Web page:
The new education policy to promote education among the people of India will surely improve the quality of the introduction of education. The policy includes primary education in colleges in rural and urban India. The new directive ensures that a wide spectrum is covered from early childhood to higher education to vocational training to vocational training and teacher training and training to professional training.
It is based on the basic reality of the country’s educational scenario where there is a greater emphasis on creativity and innovation, as well as personal development, of students rather than expecting them to score high and memorize the content without having a basic understanding of concepts .
The NEP tries to improve the quality of education in our system in the following ways:
1. Change of pedagogical structure
The 10 + 2 exam structure has been deleted. The new school structure will be 5 + 3 + 3 + 4, which is a great relief. would prove revolutionary. While most existing private schools already have the ECCE embedded in their system and only need to make a minor change to the class structure and the goals of the change.
2. Change the teaching-learning process
a. Concentrate on the essentials: mapping the curriculum across the classes and narrowing it down to the respective core knowledge. The focus will be on practical application-based learning. This reduction creates space for teachers to add activities related to experiential learning, creative thinking, and critical skills.
b. Emphasizing the importance of reading and numeracy skills: All schools need to revise these areas to change teaching strategies so that these basic skills can be developed, strengthened and achieved by 3rd grade. There Must Be More Focus on reading, writing, and learning basic math concepts from a young age. The introduction of innovative teaching would be essential for this.
c. Promoting multilingualism; the power of language: Wherever possible, pupils up to grade 5 should be taught in schools in their mother tongue or the national language. Various studies showing that young children understand things best in their mother tongue or language. Hence, teachers should be encouraged to be bilingual for the best results.
d. Changes in teaching with the NEP: moving away from memorization & amp; Memorization to get grades for actual conceptual understanding during exams. Schools need to take a top-down approach of moving from curriculum completion to defining learning objectives, curating teaching through innovative pedagogy, and linking assessments to those objectives. Educators must address the integration of subjects, currents and technologies to create a holistic learning experience for students, along with the component of digital literacy, scientific temperament and computational reasoning.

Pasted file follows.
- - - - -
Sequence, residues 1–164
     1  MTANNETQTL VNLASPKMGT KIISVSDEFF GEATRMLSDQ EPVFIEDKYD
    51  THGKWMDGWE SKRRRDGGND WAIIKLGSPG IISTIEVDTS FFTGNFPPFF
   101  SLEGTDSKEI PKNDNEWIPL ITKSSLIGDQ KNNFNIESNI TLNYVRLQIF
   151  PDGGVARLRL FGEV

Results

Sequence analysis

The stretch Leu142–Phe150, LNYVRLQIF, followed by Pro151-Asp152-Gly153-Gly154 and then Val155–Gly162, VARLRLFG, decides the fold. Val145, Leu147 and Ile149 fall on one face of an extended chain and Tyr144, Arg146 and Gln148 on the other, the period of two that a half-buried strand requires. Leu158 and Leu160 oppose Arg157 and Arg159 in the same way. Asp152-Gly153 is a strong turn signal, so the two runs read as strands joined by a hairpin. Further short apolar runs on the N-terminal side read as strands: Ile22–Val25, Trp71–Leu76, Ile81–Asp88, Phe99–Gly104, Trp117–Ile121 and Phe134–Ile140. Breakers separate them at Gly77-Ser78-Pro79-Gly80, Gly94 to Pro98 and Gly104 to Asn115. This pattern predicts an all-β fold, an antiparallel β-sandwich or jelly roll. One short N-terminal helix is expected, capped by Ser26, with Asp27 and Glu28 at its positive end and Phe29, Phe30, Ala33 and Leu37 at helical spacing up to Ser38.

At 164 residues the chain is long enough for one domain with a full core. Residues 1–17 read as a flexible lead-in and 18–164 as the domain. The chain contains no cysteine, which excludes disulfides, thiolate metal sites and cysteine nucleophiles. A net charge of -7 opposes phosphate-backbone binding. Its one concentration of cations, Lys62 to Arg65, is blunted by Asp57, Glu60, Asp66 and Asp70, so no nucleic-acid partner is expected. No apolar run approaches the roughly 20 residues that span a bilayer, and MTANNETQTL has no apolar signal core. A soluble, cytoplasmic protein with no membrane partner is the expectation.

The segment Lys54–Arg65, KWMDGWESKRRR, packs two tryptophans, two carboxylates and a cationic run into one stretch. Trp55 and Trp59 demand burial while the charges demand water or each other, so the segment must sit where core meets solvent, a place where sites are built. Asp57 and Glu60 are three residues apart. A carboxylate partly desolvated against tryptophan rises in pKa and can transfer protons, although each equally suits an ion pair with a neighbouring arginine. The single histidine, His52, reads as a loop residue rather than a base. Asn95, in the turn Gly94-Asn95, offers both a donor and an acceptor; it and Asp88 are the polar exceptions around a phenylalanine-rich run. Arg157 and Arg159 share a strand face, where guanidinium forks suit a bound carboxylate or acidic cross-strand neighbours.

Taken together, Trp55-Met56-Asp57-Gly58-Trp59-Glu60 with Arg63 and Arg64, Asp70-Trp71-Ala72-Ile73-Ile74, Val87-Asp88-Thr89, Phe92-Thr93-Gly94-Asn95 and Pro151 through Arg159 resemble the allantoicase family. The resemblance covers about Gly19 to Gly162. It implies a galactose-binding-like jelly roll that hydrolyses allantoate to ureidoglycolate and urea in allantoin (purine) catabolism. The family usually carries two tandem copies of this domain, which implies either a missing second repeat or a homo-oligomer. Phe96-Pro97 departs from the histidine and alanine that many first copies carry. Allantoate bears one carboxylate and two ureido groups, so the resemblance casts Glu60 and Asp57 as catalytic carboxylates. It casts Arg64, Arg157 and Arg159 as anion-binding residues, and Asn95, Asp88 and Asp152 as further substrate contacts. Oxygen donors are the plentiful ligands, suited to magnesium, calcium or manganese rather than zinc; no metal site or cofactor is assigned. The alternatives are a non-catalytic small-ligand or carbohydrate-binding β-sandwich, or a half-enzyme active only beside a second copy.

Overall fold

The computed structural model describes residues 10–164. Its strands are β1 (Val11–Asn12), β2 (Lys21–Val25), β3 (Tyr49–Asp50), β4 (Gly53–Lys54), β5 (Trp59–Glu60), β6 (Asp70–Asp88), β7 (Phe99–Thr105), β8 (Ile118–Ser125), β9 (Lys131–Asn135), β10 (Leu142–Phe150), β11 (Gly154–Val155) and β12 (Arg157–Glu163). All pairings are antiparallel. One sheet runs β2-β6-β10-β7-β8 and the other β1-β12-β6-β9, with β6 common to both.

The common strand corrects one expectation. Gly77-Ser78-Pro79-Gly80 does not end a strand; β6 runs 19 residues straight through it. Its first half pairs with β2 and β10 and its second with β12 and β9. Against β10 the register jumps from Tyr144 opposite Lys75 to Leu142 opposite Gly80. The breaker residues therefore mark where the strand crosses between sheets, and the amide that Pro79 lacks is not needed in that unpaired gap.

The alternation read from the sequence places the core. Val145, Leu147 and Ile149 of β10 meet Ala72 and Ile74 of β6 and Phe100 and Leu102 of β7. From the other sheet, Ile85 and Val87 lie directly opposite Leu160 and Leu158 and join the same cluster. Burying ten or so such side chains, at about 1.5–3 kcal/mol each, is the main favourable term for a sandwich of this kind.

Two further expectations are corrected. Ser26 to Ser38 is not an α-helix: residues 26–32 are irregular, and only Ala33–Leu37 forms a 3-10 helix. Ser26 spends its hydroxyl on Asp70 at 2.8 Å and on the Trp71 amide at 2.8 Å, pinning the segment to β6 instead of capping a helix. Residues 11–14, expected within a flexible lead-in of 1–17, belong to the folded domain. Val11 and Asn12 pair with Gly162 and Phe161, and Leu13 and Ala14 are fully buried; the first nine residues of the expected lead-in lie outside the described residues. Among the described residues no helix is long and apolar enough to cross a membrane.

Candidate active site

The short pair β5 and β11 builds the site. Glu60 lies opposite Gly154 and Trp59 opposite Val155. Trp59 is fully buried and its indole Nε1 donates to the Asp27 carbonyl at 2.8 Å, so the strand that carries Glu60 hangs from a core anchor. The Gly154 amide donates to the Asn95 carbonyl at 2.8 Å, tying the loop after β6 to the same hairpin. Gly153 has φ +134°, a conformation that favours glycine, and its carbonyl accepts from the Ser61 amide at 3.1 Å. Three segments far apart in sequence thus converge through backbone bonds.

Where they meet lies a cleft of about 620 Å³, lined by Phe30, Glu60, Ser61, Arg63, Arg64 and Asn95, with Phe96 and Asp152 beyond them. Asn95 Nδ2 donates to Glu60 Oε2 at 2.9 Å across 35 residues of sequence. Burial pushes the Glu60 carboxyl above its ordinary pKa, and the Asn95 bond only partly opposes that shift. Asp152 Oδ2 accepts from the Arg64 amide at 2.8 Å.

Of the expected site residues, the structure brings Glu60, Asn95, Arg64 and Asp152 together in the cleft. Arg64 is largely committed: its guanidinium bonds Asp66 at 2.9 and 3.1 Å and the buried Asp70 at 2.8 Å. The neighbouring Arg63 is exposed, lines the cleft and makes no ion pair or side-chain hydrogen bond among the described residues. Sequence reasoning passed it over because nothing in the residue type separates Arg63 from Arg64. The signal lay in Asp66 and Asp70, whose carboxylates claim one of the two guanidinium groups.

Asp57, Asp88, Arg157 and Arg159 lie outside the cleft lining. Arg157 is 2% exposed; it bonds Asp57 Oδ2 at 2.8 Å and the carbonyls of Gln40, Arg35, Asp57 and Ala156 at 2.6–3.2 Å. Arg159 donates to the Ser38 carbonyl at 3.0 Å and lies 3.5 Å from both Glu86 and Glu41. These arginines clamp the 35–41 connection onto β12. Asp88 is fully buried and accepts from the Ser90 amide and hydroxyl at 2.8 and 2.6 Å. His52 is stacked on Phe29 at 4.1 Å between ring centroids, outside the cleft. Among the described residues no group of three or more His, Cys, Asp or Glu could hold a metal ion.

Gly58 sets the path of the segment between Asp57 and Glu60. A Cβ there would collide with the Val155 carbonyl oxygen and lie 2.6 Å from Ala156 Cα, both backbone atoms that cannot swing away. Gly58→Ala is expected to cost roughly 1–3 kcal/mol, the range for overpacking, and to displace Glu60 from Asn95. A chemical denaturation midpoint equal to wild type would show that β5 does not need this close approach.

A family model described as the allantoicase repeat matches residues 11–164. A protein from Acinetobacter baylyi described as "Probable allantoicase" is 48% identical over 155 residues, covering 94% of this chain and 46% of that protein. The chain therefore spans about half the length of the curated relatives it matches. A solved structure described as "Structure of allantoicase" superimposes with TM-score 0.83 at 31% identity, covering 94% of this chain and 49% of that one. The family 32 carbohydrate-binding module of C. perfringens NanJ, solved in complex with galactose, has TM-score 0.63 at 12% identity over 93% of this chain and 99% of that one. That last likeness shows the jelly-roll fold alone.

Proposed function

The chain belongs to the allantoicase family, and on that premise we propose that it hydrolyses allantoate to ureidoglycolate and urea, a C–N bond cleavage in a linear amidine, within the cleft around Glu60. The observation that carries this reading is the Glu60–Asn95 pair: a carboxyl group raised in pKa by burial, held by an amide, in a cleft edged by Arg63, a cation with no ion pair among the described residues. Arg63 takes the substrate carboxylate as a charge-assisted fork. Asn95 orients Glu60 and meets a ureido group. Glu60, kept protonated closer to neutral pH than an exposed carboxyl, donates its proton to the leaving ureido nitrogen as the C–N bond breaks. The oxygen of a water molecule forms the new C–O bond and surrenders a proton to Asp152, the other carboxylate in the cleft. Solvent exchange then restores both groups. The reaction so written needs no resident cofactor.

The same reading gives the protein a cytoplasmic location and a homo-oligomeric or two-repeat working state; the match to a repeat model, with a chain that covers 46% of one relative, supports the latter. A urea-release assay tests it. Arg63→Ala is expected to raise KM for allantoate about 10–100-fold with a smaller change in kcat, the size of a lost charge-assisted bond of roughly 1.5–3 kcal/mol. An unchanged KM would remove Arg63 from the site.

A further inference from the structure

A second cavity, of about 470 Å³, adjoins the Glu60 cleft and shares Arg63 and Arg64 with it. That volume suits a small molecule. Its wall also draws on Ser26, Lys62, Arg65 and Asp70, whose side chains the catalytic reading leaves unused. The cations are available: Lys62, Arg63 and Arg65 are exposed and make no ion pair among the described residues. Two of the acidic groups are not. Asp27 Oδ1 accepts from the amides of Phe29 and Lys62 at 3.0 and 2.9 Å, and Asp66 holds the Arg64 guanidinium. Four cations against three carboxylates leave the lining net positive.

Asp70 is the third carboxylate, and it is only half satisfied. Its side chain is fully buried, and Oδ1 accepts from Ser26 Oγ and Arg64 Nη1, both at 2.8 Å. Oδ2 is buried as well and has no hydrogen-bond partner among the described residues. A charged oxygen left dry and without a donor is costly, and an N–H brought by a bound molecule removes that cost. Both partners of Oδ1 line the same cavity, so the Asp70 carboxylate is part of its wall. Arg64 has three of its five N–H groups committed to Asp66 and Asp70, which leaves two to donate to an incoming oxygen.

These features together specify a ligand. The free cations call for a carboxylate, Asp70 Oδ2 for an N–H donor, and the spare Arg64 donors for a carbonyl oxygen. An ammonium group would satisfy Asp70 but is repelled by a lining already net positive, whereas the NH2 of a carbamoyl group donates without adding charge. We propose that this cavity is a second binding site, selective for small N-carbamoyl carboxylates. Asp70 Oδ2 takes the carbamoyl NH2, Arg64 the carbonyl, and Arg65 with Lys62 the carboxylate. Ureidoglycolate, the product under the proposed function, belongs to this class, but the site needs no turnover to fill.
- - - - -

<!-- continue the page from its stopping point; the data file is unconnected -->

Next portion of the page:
e. Change of Assessment Pattern: Board exams are designed to primarily test core capacities & amp; Competencies. The progress map should now reflect a student’s 360 degree assessment. A multi-dimensional testimony is created showing progress & amp; Uniqueness of every learner in the cognitive, affective and psychomotor area.
f. No hard divides: multidisciplinary and holistic educational approach between art and science; Curriculum and extracurricular activities; professional & amp; academic flows etc. In order to eliminate harmful hierarchies between or the silo between different learning areas, can be achieved by the integration of the subjects and learning areas.
G. Vocational training and coding begins from grade 6: As mentioned in the NEP, a day without a bag can be planned for practical learning of the vocational subjects. The challenge, however, would be how many professional subjects are chosen, how the infrastructure changes and how teachers are available.
The new national education policy (NEP) has shown a clear will to move the needle away from the old world of learning. This was underlined by the triad of multidisciplinary higher education, the diverse opportunities at high school and the diverse chances of success in the final school exams. The focus on basic learning, the inclusion of the very young in formal learning, and the emphasis on holistic learning are goals that feed into policy. If the institution implements these changes, the quality education system will shift so that students receive more conceptual and practical training.
(The author Rohan Parikh is the executive director of Green Acres Academy. The views expressed here are personal.)